Plaintiffs argue, however, that pre-2006 evidence is highly relevant because it includes "a time period during which Sutter allegedly began a process of system-wide contracting so that it could increase prices.”[3] In fact, the pre-2006 time frame is so crucial that Sutter intentionally destroyed 192 boxes containing millions of highly relevant evidence dating from 1995 to 2005. This highly prejudicial act was uncovered by plaintiffs in the UEBT v. Sutter Health case, which involved similar contracting practices involved in this case, and spurred the California attorney general to join in the state case and resulted in court sanctions including relevant jury instructions in the UEBT case which has since settled. The fact that Sutter acted so egregiously to destroy the evidence hints at how that period was crucial to show how Sutter moved from individual hospital contracts to a systemwide hospital contract to set up their system to enable anticompetitive pricing practices. While much of the specific contracting in Sidibe occurred long after the 1995-2005 time period, that period contained substantial evidence of Sutter’s market power, tying conduct, and the anticompetitive effects of those arrangements.


Jury Instructions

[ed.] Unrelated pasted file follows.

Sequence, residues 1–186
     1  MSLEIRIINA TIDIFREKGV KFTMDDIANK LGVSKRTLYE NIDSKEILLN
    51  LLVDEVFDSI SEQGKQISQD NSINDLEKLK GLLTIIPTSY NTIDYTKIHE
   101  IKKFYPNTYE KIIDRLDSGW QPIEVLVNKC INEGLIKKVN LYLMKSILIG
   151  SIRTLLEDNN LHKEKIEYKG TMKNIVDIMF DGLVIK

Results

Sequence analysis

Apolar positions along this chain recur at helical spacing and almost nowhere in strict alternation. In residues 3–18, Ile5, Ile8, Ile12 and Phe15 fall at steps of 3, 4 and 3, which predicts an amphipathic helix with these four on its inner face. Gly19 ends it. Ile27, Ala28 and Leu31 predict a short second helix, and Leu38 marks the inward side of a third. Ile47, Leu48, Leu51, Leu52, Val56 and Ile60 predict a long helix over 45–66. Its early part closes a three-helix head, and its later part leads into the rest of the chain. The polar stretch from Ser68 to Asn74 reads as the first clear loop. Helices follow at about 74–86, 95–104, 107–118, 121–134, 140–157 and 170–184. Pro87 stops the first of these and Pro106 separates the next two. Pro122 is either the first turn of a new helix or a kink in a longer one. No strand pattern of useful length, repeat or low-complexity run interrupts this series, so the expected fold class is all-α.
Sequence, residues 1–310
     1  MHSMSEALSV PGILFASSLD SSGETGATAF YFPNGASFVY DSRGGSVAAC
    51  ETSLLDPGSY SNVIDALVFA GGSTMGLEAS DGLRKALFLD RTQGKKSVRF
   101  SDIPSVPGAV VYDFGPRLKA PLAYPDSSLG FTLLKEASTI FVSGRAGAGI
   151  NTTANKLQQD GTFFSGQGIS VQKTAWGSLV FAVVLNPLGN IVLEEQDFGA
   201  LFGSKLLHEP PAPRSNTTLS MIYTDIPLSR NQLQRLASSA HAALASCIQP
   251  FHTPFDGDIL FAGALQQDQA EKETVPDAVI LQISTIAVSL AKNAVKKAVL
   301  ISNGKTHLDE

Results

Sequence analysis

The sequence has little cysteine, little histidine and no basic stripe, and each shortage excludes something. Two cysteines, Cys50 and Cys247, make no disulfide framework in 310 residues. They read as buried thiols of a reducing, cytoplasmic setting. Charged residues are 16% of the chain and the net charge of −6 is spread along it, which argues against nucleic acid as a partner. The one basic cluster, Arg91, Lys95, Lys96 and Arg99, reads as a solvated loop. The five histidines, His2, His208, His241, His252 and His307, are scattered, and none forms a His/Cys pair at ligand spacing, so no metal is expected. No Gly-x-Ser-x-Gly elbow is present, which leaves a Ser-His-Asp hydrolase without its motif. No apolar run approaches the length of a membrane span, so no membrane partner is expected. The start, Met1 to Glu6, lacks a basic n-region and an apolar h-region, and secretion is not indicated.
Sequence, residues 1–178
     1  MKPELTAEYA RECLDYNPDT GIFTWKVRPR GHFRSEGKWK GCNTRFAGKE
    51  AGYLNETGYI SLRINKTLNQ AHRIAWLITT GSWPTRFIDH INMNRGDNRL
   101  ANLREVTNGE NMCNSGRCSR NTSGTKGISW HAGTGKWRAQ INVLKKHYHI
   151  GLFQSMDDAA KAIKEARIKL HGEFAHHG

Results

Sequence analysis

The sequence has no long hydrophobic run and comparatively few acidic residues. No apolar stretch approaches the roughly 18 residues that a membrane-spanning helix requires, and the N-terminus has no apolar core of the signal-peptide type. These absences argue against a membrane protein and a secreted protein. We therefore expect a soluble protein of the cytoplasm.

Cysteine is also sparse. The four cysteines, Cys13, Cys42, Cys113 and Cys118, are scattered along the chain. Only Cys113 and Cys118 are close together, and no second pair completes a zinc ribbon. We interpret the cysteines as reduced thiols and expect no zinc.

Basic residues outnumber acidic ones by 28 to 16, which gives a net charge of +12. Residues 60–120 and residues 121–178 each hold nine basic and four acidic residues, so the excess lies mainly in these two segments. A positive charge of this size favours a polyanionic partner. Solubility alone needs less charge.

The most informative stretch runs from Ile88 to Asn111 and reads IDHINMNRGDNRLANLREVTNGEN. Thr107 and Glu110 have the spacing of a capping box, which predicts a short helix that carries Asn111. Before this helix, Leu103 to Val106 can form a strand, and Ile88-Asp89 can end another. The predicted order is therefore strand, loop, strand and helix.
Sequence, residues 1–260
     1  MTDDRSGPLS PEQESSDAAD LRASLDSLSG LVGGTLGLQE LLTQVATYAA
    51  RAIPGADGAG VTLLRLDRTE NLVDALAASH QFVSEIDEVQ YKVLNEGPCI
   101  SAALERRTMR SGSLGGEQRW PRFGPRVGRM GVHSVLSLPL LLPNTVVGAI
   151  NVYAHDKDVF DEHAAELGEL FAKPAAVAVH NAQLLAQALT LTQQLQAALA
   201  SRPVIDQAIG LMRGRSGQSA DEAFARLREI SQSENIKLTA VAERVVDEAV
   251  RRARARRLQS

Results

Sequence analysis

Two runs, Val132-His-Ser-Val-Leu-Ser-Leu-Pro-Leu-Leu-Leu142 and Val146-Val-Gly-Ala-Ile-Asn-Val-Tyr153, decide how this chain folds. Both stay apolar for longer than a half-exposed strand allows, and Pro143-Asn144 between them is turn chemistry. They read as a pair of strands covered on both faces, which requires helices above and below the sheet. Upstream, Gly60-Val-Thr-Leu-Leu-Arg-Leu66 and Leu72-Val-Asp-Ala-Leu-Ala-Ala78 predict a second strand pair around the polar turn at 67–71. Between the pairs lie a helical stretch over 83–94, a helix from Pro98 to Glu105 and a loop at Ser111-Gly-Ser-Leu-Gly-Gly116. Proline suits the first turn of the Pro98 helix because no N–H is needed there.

Against the backdrop of limited evidence, the specific language in the jury instructions also further hindered the plaintiffs' case and raised likely issues for appeal. Next, we break down the jury instructions on the two major claims under the federal Sherman Act and California's Cartwright Act and examine the specific elements at issue that could be argued on appeal.

1. "Unlawful Tying" Claim

Verdict Form Question: Did Sutter sell inpatient hospital services in one or more of the tying hospitals only if the buyer also purchased inpatient hospital services at one or more of the tied hospitals? Answer: No. [4]

Jury Instructions (excerpts):

  • Introductory explanation of market power: the concept[ ] of “market power” ... appl[ies] to both claims, [which is] the ability to increase prices or reduce output without losing market share (emphasis added). The higher a seller’s market share, the more likely it has market power. In deciding whether a seller has market power, you should consider how difficult it is for a potential competitor to successfully enter the market...[5]